She only used her legs to wait tables and help around her grandparents’ ranch.

She didn’t do anything like Cade had been doing. Watching him ride? It had always sent a flash of light down her spine. A spark that lit her up everywhere and sent tingles to places.

It was art with him: athletic grace and sheer masculine willpower. Straining muscles, gritted teeth, dirt, sweat and mud flying in the air.

Yeah, that flipped her switches like whoa.

Cade Mitchell on the back of a bucking horse was a truly orgasmic experience.

When he was through with a ride, he always shook. From his hands down to his boots. Adrenaline, he said. She shook too though, and it wasn’t always from adrenaline.

He scared the hell out of her. Watching his accident dur‐ ing the Vegas championships, on TV in her living room, had been the single most painful moment of her life.

Her best friend, her family, dragged around the arena like a rag doll, white as death and knocking on that door.

In those moments, she’d gotten a look at life without Cade. And it had been a yawning vacuum of empty cold. She’d always known he was important. Right then, she’d realized just how important.

Ironically, she would still give just about anything to get him back in the saddle, so to speak. Because he loved it. Even though she knew that after that accident she’d sweat off three pounds during those precious seconds he was on the back of one of those beasts.

Small price to pay for allowing him to have his passion. For giving him back the ability to dance, however badly, so they could go out on that wooden floor together on his sis‐ ter’s wedding day.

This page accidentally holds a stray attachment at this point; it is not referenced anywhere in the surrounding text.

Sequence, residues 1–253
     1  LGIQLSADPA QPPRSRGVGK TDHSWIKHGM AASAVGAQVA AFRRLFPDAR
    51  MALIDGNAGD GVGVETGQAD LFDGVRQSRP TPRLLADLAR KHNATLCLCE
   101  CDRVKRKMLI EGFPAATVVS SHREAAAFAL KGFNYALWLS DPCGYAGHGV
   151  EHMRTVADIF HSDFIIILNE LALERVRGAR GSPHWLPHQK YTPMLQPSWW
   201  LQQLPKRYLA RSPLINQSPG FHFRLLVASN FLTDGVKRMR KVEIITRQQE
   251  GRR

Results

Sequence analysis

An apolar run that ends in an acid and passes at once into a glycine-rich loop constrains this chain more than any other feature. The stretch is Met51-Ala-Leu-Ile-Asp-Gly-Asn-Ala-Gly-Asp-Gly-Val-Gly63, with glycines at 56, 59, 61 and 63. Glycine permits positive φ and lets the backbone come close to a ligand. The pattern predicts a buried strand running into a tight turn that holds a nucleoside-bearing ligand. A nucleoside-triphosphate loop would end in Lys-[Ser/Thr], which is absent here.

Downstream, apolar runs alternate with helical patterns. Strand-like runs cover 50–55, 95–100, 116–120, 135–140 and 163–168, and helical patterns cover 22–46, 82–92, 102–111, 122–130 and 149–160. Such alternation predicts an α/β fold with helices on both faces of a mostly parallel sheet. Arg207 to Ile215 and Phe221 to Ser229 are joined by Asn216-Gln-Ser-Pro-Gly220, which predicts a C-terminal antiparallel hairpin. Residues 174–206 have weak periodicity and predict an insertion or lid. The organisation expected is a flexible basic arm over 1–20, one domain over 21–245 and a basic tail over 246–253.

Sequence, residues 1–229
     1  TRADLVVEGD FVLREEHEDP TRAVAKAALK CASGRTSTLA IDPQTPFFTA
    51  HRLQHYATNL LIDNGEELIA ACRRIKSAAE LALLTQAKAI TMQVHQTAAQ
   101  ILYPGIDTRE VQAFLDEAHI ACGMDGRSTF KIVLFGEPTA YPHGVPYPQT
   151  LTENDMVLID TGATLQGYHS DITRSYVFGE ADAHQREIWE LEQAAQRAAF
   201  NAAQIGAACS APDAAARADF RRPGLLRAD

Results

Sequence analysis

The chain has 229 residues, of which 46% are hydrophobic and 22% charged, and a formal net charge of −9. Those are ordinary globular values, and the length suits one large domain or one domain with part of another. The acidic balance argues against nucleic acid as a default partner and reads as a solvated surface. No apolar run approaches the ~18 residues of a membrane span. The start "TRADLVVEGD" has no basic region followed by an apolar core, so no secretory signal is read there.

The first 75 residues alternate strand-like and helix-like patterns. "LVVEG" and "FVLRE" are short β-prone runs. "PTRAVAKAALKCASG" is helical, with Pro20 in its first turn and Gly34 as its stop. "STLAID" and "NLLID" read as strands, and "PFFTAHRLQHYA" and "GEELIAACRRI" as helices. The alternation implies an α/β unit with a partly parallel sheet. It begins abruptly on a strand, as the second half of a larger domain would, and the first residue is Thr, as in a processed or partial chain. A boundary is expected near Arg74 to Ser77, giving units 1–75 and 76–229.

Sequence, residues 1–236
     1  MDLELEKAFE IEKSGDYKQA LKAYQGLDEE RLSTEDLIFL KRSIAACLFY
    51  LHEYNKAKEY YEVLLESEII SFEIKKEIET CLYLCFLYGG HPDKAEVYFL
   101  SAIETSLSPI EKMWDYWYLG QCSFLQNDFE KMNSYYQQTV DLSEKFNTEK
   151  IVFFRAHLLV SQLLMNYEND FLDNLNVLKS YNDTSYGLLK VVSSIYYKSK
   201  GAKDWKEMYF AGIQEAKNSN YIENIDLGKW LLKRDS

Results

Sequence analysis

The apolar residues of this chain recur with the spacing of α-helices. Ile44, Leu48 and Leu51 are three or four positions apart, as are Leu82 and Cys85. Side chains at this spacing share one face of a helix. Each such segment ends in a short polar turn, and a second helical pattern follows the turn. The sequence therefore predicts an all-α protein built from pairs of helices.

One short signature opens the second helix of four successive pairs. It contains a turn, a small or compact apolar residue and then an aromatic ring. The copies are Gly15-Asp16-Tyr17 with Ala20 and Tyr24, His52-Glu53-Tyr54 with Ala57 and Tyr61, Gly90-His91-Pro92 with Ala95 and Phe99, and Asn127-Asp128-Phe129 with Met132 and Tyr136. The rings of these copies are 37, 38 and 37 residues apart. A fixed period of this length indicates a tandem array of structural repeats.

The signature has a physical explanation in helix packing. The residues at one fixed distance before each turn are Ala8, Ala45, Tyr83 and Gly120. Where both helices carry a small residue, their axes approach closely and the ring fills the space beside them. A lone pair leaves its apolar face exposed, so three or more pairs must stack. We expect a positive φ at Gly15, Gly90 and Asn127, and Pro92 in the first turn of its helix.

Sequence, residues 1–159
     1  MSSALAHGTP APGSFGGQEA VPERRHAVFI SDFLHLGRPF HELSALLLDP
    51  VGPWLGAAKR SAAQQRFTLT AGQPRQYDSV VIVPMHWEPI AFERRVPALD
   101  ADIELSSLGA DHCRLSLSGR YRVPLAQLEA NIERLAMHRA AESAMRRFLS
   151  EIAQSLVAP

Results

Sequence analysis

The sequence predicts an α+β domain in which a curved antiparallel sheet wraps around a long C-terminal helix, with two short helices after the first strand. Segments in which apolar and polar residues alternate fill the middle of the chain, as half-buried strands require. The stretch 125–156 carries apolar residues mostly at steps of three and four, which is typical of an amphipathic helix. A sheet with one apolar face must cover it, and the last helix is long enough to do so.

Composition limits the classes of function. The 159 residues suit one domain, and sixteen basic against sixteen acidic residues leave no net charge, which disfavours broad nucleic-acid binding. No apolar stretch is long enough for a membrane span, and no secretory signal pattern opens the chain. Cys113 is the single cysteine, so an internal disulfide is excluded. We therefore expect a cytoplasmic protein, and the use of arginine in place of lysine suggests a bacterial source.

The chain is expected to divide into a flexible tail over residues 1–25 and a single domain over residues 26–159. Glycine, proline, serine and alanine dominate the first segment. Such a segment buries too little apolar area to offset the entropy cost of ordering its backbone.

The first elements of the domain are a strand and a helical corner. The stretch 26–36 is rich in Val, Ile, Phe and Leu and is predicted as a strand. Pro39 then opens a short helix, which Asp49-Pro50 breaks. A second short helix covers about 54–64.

But there was no going out on the dance floor for Cade. So they sat at the table and drank beer until the sky turned purple and the candles, strung over the tables in mason jars, lit everything with a pale yellow glow.

“Last dance,” Amber said, knowing that Quinn and Lark would be leaving soon, off on their honeymoon. “Wanna get out of here?” she asked.

“Are you hitting on me?”

“Hay‐ell yeah. What do people come to weddings for but to hook up? Certainly not to see their BFF’s little sister tie the knot with a ridiculously handsome cowboy.”

“You think he’s handsome?” Cade asked, eyes narrowed.

She looked back at Quinn and Lark, who were still twined around each other like vines. “Uh, yeah. Have you checked that tat he has on his shoulder? Me‐ow.”

“Hey, he’s my sister’s husband,” he said, grimacing slightly when he said the words.

“Don’t worry, I’m out of the game.”

“I thought we were gonna hook up.”

“Did I say hook up? I meant ‘Let’s get out of here so I can whup your ass at pool.’ How about that?”

“Sounds like more fun anyway.”

More fun than watching his little sister ride off into the sunset with a guy that Cade still had a tough time with in some ways. He didn’t say that, but Amber could read Cade’s subtext pretty well. Most often, said subtext was cheeseburger or breasts. But every so often it was a real, deep emotion that he was never, ever going to show to the public.

Or even to himself.

Which was when she made sure she was on hand to help him out.

“Yep. I’ll even buy you a beer because you look so damn purty,” she said, tweaking his hat.

“Well, shucks,” he said, that lopsided grin tilting to the left, tilting her stomach along with it. “Let’s get on with it . . .Can you play pool in that dress?” he asked, indicating her very abnormally feminine attire.

“If you can play in a tie.”

He reached up and grabbed the knot at the base of his throat and loosened it. “I think I can handle it.”

“But can you handle me?” she asked, quirking her brow. “I guess we’ll see.”